Senator Kamala Harris formally kicked off her presidential campaign at a rally in her hometown of Oakland Sunday.
Senator Kamala Harris formally kicked off her presidential campaign at a rally in her hometown of Oakland Sunday.
Senator Kamala Harris formally kicked off her presidential campaign at a rally in her hometown of Oakland Sunday.
White House officials dangled the possibility of another partial shutdown next month.
An undocumented worker who was fired from one of President Trump’s golf courses over the weekend said he believes Trump knew undocumented people worked at his various clubs.
Two days after a dam break left at least 58 dead, residents of Brumadinho are forced to evacuate again, while experts warn that the regulatory system is flawed.
A daughter’s smile and a son’s smirk are expressions that the grieving Ernest family will never see again.
Reading is one of the best solutions to a rainy day, cancelled plans, and maybe even the state of our world. Whether you’re an activist or just want to take a deep dive into an issue you’re passionate about — immigration, racial justice, gun control —a book is a great tool.
The catalog of books coming out in 2019 is jam-packed with powerful writers and activists who are encouraging conversations in the hopes of creating a more inclusive, just society. Some, like Nobel Peace Prize winner Malala Yousafzai and Valerie Jarrett’s memoir, Finding My Voice, draw from direct experiences — at refugee camps, the White House, and other places around the world.
In the below books, you’ll hear from women’s rights trailblazer Gloria Steinem, founder of Moms Demand Action for Gun Sense in America Shannon Watts, former editor-in-chief of Teen Vogue Elaine Welteroth, who helped prove teenage girls in this country care about both fashion and politics.
Some books provide an escape from the never-ending news cycle while others rejuvenate your desire to protest on the streets, call your representatives, vote in upcoming elections, and continue the work of 2018.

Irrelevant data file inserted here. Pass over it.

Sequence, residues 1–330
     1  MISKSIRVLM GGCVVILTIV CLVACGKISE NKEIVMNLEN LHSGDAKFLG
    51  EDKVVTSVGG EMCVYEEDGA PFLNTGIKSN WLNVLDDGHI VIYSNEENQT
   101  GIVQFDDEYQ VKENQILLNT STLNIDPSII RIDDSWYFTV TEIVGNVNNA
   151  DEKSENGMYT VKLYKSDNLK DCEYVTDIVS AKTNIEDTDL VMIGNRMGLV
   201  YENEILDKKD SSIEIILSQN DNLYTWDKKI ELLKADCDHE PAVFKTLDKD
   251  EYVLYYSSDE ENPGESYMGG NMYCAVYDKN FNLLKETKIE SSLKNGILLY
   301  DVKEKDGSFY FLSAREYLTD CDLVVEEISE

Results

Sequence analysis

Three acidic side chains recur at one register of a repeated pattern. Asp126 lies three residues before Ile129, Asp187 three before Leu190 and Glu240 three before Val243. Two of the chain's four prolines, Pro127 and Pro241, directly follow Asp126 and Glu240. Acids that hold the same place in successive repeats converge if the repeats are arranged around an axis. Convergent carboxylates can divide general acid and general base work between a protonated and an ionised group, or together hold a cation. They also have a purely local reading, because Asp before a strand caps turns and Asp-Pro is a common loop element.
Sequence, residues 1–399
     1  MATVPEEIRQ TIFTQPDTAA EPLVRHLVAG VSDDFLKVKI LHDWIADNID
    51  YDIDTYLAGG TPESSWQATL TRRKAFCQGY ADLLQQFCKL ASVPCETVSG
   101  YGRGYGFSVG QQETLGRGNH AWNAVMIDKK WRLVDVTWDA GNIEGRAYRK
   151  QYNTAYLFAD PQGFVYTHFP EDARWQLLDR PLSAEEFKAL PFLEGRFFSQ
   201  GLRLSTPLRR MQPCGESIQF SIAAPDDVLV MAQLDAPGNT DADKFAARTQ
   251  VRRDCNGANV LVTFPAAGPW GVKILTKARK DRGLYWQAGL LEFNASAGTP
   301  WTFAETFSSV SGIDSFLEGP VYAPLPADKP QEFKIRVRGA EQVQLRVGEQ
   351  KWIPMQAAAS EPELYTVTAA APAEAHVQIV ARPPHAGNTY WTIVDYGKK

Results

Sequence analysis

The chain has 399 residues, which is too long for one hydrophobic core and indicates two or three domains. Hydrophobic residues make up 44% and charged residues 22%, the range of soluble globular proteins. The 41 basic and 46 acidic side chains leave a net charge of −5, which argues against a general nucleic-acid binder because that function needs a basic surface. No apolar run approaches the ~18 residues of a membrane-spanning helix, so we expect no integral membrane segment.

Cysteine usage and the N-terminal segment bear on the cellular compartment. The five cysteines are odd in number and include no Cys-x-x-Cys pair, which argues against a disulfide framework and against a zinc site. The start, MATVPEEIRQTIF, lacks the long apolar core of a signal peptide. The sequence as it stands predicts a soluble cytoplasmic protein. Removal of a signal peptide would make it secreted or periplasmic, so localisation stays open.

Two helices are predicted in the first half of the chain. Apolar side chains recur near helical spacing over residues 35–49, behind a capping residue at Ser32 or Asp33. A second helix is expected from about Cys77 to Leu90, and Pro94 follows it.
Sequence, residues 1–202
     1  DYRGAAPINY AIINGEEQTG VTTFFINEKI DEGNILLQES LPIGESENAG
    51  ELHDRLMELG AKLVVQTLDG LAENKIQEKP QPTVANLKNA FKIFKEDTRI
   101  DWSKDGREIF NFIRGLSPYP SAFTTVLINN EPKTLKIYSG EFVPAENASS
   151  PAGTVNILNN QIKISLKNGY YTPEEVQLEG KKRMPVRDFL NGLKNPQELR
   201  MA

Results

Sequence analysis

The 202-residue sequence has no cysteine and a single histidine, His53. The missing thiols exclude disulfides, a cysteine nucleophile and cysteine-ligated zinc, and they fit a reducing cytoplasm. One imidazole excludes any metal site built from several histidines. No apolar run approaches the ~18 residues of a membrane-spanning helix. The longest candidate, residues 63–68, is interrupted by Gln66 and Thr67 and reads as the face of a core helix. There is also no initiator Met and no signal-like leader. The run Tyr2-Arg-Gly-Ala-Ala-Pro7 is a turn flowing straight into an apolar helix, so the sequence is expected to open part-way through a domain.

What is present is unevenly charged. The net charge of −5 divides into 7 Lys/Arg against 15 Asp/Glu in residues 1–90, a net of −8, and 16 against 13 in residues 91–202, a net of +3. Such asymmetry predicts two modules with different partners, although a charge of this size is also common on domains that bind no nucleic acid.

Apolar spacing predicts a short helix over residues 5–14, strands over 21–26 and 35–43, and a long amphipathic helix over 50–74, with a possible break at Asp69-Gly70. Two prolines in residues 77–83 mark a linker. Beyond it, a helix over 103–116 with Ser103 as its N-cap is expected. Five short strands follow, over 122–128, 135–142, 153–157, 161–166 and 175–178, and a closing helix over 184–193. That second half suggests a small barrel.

Whether you’re interested in learning more about the LGBTQ movement, introducing a young reader to the power of community protests, or finding a YA book that features a Muslim American protagonist, consider adding these books to your TBR pile:
In her second book, We Are Displaced, education activist Malala Yousafzai begins with her experience of being internally displaced and eventually relocating to England — far from her home in Pakistan. The book also features stories from refugee girls from around the world who, despite their devastating circumstances, demonstrate resilience and hope.
Memes are known to magnify and poke fun at pop culture moments, but technologist, writer, and artist An Xiao Mina makes the case that they play a role in today’s politics, as well. While activists in China use them to evade censorship, certain governments and hate groups utilize memes to spread propaganda, according to Mina. Meme culture is engraved in our feeds and conversations, but this book takes a deeper look at the power pictures and hashtags can have.
This book is a collection of interviews between American poet and novelist Robert Penn Warren and various civil rights leaders, including James Baldwin, Martin Luther King Jr., Stokely Carmichael, Ralph Waldo Ellison, and Roy Wilkins. Although excerpts of those conversations have previously been published in Penn Warren’s Who Speaks for the Negro?, this is the first time they will be released in their full, original form.
Follow the story of a young black girl who raises her hands on a regular basis — to play peek-a-boo and get dressed. When she gets older, the daily action takes on a more powerful meaning when she stands in solidarity with her friends and community at a protest. Parents and children, especially black children, will feel empowered and inspired to make a difference after reading McDaniel’s debut picture book.
In Reclaiming Our Space, social worker and activist Feminista Jones explores how black feminists are using social media to build movements, communities, and platforms to discuss feminism. To better understand the power and innovative nature of hashtags and movements like #BlackLivesMatter, #BlackGirlMagic, and #SayHerName, you’ll want to read Jones’ latest work.
Engaging with politics and social justice issues, whether it’s climate change, race, or gender, can feel like work (and it is). Adrienne maree brown makes the case that you can feel good while doing so, hence the term, “pleasure activism.” In addition to brown, you’ll read published essays by feminists Audre Lorde and Joan Morgan, as well as an interview with Cara Page, the former executive director of the Audre Lorde Project. They and other contributors will challenge you to rethink your approach to changing the world.
Danielle Sered is the executive director of Common Justice, a restorative justice program of the Vera Institute of Justice. In her book, Until We Reckon, she offers ideas on how to help end the mass incarceration of Americans who’ve committed violent offenses. It’s a must-read for people advocating to reform the criminal justice system.
Brought to you by the bestselling author of Love, Hate, & Other Filters, this book follows Layla Amin, a Muslim-American who leads a revolution when she and her family are forced into an internment camp in the U.S. Set in the very near future, this book will inspire readers to fight against Islamophobic rhetoric and politics, ensuring this scenario remains a work of fiction.